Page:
“From now on, the number of people who do not have a high level of Japanese proficiency will increase in Japan… A common language is needed between Japanese and non-Japanese when both don’t have good English proficiency,” said Isao Iori, a professor of Japanese linguistics at Hitotsubashi University in Tokyo, who is a proponent of wider use of easy Japanese (pdf).
The rains in western Japan last year ended up claiming over 200 lives, including two in Soja (link in Japanese), where the number of foreigners has doubled over the last five years (link in Japanese) but still makes up just 2.2% of its population of 69,000. Elsewhere, however, more calamitous scenes of foreigners being stranded following natural disasters unfolded, posing stark reminders of how unprepared the country is for such situations. Thousands of travelers, for example, were left stranded in Kansai International Airport in September after a powerful typhoon caused severe damage to and flooding in the building. That same month, an earthquake struck Sapporo in Hokkaido, with foreigners complaining of insufficient support in non-Japanese languages.
Local authorities in Japan have pressed ahead with improving their multilingual capabilities (paywall) to prevent such situations from recurring, for example by increasing the use of AI-powered translation software and distributing emergency information in different languages. The city of Kumamoto, however, used easy Japanese when it was hit by a powerful quake in 2016, with a non-profit organization putting up notices (link in Japanese) in simplified forms.
Commands normally written in the honorific register, for example, were modified to use more conversational ways of saying “please,” while disaster-specific vocabulary written in Chinese characters such as “certification of disaster” was translated as “the piece of paper on which the destruction to buildings is written.”
Kayoko Hashimoto, an expert on Japanese language policy at the University of Queensland in Australia, however, said that she wanted to see the central government take a more central role in the “systematic development of (yasashii nihongo), rather than leaving it as a regional responsibility.”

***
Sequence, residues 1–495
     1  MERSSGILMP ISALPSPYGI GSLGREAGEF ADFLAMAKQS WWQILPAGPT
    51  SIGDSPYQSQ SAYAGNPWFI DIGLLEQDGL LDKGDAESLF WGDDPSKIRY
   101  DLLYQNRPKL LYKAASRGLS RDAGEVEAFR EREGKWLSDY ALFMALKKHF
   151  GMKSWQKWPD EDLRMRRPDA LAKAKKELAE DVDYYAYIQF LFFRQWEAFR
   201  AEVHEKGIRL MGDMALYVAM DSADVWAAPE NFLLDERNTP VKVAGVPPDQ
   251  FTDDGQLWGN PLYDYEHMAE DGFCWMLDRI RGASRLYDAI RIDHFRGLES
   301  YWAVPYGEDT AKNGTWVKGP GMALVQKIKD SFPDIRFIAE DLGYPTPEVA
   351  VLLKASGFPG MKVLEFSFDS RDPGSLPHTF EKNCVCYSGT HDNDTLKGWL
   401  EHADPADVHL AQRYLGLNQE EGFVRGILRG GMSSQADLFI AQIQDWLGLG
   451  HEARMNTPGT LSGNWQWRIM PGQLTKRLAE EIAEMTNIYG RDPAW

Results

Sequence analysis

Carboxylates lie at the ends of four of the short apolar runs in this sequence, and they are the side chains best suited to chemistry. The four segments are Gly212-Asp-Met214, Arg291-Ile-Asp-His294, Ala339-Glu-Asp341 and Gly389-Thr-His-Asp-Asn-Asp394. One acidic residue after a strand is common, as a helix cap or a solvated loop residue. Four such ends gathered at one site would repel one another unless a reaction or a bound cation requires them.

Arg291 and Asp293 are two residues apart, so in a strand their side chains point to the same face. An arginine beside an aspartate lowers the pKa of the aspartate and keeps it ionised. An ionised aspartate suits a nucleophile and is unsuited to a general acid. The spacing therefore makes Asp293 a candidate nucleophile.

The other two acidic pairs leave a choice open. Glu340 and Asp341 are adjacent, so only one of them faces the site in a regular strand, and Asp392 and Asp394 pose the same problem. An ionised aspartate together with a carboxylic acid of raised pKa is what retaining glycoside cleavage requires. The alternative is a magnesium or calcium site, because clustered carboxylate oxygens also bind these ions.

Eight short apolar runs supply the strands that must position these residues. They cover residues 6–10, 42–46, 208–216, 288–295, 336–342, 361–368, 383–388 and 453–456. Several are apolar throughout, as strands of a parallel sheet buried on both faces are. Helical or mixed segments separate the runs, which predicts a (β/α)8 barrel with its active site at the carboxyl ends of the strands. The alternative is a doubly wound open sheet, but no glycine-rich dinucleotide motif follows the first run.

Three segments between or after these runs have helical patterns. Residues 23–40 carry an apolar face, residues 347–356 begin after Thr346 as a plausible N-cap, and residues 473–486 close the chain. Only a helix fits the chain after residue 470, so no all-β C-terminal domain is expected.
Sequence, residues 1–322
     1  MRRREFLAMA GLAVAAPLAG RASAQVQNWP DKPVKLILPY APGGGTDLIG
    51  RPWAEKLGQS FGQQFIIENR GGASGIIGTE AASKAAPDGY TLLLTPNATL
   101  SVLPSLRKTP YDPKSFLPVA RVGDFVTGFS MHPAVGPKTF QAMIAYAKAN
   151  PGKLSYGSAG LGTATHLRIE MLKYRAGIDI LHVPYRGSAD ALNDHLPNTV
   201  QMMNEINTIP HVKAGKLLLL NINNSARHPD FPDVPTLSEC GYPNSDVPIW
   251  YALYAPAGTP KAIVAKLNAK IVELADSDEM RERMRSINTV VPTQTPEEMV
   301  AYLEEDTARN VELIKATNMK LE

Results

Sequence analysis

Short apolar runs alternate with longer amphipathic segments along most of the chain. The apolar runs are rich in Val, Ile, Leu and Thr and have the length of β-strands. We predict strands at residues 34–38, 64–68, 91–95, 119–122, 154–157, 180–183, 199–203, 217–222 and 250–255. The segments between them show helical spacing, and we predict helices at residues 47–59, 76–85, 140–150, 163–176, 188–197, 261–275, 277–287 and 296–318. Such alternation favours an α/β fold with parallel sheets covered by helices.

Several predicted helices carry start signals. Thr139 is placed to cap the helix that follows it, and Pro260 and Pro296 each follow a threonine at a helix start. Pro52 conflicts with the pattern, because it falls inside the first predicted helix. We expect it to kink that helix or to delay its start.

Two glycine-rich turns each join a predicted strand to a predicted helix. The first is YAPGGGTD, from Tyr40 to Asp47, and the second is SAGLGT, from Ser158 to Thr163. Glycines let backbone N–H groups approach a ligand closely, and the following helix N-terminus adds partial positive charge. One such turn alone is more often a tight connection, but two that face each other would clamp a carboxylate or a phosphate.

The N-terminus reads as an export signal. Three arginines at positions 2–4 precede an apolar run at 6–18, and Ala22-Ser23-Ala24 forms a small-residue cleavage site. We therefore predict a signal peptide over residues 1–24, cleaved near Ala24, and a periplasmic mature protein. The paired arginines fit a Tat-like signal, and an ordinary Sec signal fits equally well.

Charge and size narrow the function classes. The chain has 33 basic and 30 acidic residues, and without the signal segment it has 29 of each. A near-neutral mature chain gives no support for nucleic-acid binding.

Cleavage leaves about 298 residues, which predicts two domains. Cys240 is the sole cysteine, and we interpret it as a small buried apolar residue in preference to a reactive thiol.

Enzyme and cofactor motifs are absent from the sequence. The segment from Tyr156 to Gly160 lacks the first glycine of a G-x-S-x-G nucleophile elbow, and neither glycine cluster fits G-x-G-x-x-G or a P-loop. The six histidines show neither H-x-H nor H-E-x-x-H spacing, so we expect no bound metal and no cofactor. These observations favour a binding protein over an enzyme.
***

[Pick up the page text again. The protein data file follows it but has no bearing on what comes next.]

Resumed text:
Health care is another field where there is an urgent need to adopt yasashii nihongo, as the influx of both foreign workers and overseas visitors puts a strain on Japanese hospitals—while a fear of being unable to communicate with Japanese medical staff can sometimes even deter foreigners with serious conditions from seeking help.
“I think Japan is really struggling (on that front)—they don’t really know how to deal,” said Julija Knezevic, a medical interpreter based in Osaka who also holds free workshops for Japanese medical professionals on how to talk to foreign patients.
At a seminar (link in Japanese) held in Saitama in December aimed at promoting easy Japanese among medical professionals, Yuko Takeda, a professor in medical education at Juntendo University, provided examples of how to use easy Japanese in medical scenarios. The word for “allergies,” for example, could be replaced with a simple sentence explaining to a person that if they ingest a particular food or drink, their skin would become red or itchy. She also urged participants to drop honorific forms altogether when communicating with foreign patients.
In other areas, easy Japanese is gaining ground in tourism, such as Yanagawa city, which has trained its staff to communicate in it with foreigners. Tokyo’s Minato district started offering information for residents in easy Japanese in January through social media and email on topics such as garbage disposal and child care. And as part of a push to be more inclusive of foreigners, a newspaper serving western Japan recently began publishing (link in Japanese) news online in easy Japanese.
“It’s not ‘beautiful’ Japanese,” said Ho, the academic. “But it’s time for (Japanese) people to think about whether they can do something to change their language, and help others understand their culture.”